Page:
The DS-GPA score was used to determine survival prediction post-BM. Patients were assigned a score from 0–4 depending upon the type of BC, performance status at the time of BM and age.24

All data were recorded on a questionnaire and later entered in SPSS Statistics (IBM Corp. Released 2011. IBM SPSS Statistics for Windows, Version 20.0. Armonk, NY: IBM Corp.). Descriptive statistics were used to describe the patient’s clinicopathological characteristics. Survival rates were estimated using the Kaplan-Meier method and compared using the log-rank test. Multivariate Cox regression (forward and backward stepwise) analysis was used to identify factors influencing survival after development of BM.

Table 1: Patient characteristics and its significance on survival after developing brain metastases (BM).


n (%)

Median age, years


Median age at diagnosis of BM, years


Age, years


< 44

26 (54.2)

> 44

22 (45.8)

Stage at diagnosis of breast cancer



14 (29.2)


15 (31.3)


19 (39.6)



Infiltrating ductal carcinoma

41 (85.4)

Infiltrating lobular carcinoma

2 (4.2)


4 (8.4)

Tumor grade



1 (2.1)


11 (22.9)


34 (70.8)


2 (4.2)

Prognostic and predictive markers


Hormone receptor-positive, HER2 negative

9 (18.8)

Hormone receptor-positive, HER2 positive

13 (27.1)

Hormone receptor-negative, HER2 positive

13 (27.1)


13 (27.1)

Symptoms at presentation


Headache (with or without vomiting)

30 (62.5)

Any neurological deficit

14 (29.2)


4 (8.3)

Number of brain lesions



16 (33.3)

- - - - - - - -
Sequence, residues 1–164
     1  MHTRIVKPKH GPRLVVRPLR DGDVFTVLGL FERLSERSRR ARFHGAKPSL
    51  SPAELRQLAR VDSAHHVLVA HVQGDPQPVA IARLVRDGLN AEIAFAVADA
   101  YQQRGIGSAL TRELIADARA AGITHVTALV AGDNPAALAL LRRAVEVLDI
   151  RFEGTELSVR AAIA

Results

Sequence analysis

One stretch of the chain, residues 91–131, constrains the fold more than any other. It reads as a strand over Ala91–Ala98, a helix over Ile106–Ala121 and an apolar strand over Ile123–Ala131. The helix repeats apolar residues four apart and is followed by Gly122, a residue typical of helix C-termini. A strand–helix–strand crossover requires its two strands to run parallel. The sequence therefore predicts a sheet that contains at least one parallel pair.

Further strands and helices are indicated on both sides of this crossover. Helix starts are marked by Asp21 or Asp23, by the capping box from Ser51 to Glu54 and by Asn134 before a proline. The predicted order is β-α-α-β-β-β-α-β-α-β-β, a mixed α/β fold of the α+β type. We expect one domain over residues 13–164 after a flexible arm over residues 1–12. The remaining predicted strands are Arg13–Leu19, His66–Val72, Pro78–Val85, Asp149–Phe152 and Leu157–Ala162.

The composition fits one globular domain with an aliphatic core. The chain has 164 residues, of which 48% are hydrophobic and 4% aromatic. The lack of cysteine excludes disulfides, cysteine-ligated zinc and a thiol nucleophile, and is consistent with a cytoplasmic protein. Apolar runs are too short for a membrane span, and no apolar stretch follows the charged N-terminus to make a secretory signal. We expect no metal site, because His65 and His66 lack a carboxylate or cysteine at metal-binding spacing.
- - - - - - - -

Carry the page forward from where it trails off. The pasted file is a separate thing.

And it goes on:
8 (16.7)

> 3

23 (47.9)


1 (2.1)




2 (4.2)


15 (31.3)


16 (33.3)

DS-GPA: diagnosis-specific graded prognostic assessment score; HER2: human epidermal growth factor receptor.

Table 2: Treatment offered before and after developing brain metastases (BM) and its significance on survival.

Treatment offered

n (%)

Before BM


Neo-adjuvant chemotherapy followed by surgery and radiotherapy

12 (25.0)

Surgery followed by adjuvant chemotherapy and radiotherapy

14 (29.2)

Palliative chemotherapy

20 (41.7)

Surgery followed by adjuvant hormonal therapy and radiotherapy

1 (2.1)

Palliative hormonal therapy

1 (2.1)

After BM


Localized treatment for BM



30 (62.5)

Surgery + WBRT

8 (16.7)


5 (10.4)


3 (6.3)


1 (2.1)

SRS only

1 (2.1)

Systemic treatment after BM


Chemotherapy + anti-HER2 therapy

16 (33.3)


14 (29.2)

Palliative chemotherapy

11 (22.9)

Anti-HER2 therapy only

2 (4.2)

Hormonal therapy

2 (4.2)

Tyrosine kinase inhibitors

2 (4.2)

WBRT: whole-brain radiotherapy; BSC: best supportive care; SRS: stereotactic radiosurgery. Anti-HER2 therapy included trastuzumab, lapatinib, and

Figure 1: Overall survival of all patients from the (a) time of diagnosis, (b) time to develop metastases, and (c) after developing brain metastases.

Figure 2: Overall survival of all patients according to tumor histology subtype.


Between January 2003 and June 2015, 692 patients were treated at SQUH with BC; 48 (6.9%) developed BM. Only two patients presented with BM at the time of diagnosis, while others developed it during their illness trajectory. The median age at diagnosis of BC was 43.5 (26–69) years.